Sunny Sweeney - Married Alone
Aunt Daddy Records/Thirty Tigers
Although Sunny Sweeney resides well below the radar, the music she makes offers all the ingredients necessary for mainstream success. She is a shining example of everything that is right in country music and should have Sunny’s previous label— Big Machine/Republic Records—scratching its collective head wondering exactly how they came to the decision to let her go. She has a Texas sensibility and an old-school country voice and vibe, bringing refreshing earthiness to her sixth album. With a vulnerable vocal style, and an eclectic range of country styles—from honky-tonk, country heartbreakers and roots to country-rock—MARRIED ALONE is a winner, proving that Sunny Sweeney hasn’t only endured but thrived.
The album’s opening, Tie Me Up, is a spicy, up-tempo warning to a guy that she’s her own woman and not ready for a steady relationship, very much in the vein of Loveless or McEntire, but not as rocky in the Bakersfield-styled musical arrangement. An early highlight comes with the title song, one of just two songs that Sunny didn’t have a hand in writing. A sad reflection on a marriage that has run out of magic, this classic country duet heartbreaker is in the style of Conway & Loretta, George & Patty and Porter & Dolly. The combination of Sunny and Vince Gill might just have made one of the year’s most compelling records. We hear more of her soft and subtle vocal maneuvers in the soulful tones of Fool Like Me. A crystalline beauty full of regret and soul-baring emotion, this sounds like a long-forgotten 1960s pop hit.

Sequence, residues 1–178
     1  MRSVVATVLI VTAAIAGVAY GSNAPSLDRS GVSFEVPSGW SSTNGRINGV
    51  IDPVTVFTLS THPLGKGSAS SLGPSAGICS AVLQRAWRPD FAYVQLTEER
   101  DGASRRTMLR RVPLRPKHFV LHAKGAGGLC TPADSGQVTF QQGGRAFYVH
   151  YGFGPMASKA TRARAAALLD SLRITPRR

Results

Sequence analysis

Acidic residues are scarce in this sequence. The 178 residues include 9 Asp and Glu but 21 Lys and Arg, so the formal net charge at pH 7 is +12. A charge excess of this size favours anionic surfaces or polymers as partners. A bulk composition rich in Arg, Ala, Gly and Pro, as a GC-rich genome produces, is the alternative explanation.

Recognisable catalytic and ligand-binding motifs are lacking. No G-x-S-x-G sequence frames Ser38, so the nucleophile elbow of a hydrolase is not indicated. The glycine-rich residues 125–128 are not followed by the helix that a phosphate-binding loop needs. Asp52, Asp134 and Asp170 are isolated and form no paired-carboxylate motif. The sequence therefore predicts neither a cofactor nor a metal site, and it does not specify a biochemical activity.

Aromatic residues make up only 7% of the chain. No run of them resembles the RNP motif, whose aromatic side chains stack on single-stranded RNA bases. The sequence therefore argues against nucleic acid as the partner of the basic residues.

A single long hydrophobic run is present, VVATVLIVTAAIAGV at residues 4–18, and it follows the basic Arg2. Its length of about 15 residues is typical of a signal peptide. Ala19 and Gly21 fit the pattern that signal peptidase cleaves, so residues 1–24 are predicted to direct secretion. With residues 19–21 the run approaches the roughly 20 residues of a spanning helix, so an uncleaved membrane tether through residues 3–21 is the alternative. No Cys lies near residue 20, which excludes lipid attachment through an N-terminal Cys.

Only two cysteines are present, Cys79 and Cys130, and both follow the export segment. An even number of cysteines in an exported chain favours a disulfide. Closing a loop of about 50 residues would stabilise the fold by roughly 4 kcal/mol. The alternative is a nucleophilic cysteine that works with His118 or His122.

She bares her soul on the deeply personal How’d I End Up Lonely Again. A heartbreaking story song written in the shadow of her 2018 divorce and beautifully sung in a voice both epic and straightforward, the pedal-steel driven song finds Sunny at the height of her formidable powers. She is joined by co-producer Paul Cauthen for the emotion packed A Song Can’t Fix Everything. Sunny has always been a raw, honest songwriter, but she’s never hit on quite this level of emotional intensity before. It may well be her finest song. She gives a little backhanded gratefulness to an ex for showing her how strong she can be as she kicks up her heels for the fiddle-driven break-up kiss-off Someday You’ll Call My Name and then just shakes another right out of her hair in the groove-driven Leaving Is My Middle Name. This one has a funky r&b sound right out of a dark and sweaty Beale Street cellar club. The album closes with Still Here a song so rich with musical textures it takes a moment to absorb the full impact of the brutal honesty of the lyrics. You should own this record.